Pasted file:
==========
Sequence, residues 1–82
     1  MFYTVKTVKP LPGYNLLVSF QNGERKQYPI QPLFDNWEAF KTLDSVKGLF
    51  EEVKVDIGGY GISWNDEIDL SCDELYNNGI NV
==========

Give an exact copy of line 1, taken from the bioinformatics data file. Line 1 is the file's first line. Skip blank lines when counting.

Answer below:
Sequence, residues 1–82